Disproportionate collapse guidelines for U.S. Department of Defense (DoD) buildings were first introduced in 2001 to provide design requirements for reducing the potential of progressive collapse for new and existing DoD facilities in an extreme loading event, such as blast. The guidelines are published in the Unified Facilities Criteria UFC 4-023-03, Design of Buildings to Resist Progressive Collapse, and are applicable to buildings with three or more stories. Since cold-formed steel (CFS) framing is used in mid-rise load-bearing wall structures for DoD facilities such as barracks, design professionals need to learn practical methods to analyze and design CFS framing to resist disproportionate collapse. This presentation will provide the main concepts of structural design to mitigate the effects of disproportionate collapse in buildings and will also explain the differences between direct and indirect methods of design. Focusing on CFS load-bearing wall buildings, the presentation will discuss how to qualify the structural components of the building (walls, floors, and roof) for disproportionate collapse analysis. A worked design example for a multi-story building using the Alternate Path analysis will be presented with a focus on sizing framing members and connection details.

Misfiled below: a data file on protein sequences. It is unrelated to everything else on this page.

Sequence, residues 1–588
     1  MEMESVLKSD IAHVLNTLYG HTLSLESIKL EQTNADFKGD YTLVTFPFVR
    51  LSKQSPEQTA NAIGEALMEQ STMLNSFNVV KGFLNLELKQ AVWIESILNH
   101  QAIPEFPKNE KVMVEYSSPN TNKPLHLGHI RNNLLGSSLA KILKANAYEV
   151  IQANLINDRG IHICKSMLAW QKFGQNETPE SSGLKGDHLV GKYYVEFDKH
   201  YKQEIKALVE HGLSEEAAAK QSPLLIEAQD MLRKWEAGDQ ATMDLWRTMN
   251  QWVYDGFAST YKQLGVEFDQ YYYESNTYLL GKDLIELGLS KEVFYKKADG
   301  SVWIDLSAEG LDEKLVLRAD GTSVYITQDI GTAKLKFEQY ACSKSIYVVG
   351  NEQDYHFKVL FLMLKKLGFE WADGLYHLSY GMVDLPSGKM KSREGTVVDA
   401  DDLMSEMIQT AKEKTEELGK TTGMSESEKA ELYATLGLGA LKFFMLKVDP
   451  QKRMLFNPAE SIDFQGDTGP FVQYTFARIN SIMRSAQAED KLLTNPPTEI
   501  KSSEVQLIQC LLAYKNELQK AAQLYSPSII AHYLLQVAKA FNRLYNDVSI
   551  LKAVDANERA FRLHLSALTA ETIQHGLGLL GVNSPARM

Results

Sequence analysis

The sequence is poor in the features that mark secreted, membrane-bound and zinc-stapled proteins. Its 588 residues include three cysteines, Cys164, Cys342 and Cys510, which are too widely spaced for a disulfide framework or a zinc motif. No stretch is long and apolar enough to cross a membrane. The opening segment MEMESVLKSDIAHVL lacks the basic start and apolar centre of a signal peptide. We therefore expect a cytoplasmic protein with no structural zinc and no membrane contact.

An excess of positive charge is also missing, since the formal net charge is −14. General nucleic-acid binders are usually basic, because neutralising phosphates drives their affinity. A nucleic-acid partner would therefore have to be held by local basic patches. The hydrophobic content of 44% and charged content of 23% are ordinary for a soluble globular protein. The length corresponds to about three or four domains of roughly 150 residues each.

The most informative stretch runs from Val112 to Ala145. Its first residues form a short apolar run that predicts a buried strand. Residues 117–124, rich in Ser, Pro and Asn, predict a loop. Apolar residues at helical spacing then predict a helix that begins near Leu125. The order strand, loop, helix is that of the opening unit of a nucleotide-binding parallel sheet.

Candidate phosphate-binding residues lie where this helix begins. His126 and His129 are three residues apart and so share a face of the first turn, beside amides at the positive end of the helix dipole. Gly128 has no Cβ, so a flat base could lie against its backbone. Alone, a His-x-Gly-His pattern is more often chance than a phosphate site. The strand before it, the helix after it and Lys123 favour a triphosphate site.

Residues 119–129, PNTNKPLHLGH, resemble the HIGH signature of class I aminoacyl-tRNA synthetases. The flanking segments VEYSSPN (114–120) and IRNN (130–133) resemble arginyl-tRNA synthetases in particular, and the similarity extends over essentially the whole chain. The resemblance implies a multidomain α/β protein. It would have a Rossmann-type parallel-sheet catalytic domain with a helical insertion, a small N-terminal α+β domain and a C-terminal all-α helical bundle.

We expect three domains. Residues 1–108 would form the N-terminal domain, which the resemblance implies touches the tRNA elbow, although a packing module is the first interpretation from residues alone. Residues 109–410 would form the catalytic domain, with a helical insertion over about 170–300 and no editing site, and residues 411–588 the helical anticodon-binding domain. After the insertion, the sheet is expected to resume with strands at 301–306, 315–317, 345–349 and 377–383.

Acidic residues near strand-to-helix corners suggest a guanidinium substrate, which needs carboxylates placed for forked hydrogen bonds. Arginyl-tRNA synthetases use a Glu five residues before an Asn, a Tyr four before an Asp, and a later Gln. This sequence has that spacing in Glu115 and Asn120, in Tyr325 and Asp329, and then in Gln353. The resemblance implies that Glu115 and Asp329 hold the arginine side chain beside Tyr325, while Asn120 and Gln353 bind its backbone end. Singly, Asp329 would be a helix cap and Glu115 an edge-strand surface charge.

Nabil A. Rahman, Ph.D., P.E.
FDR Engineers, PLLC

Nabil A. Rahman, Ph.D., P.E.Dr. Rahman is a principal at FDR Engineers in Raleigh, NC. He currently serves as a member of the American Iron and Steel Institute’s (AISI) Committee on Specifications and the Committee on Framing Standards. He is a past chairman of the ASCE-SEI Committee on Cold-Formed Steel Structures and a past chairman of the Cold-Formed Steel Engineers Institute (CFSEI). He was the first recipient of CFSEI’s John P. Matsen Distinguished Service Award. Dr. Rahman has a wide range of experience in the design, fabrication, and installation of CFS framing, as well as product development and software development. He has served as a blast consultant on multiple CFS projects, including load-bearing wall barracks buildings and CFS roof structures. He is a named inventor on seven U.S. patents and is the author of more than 50 research papers and technical notes.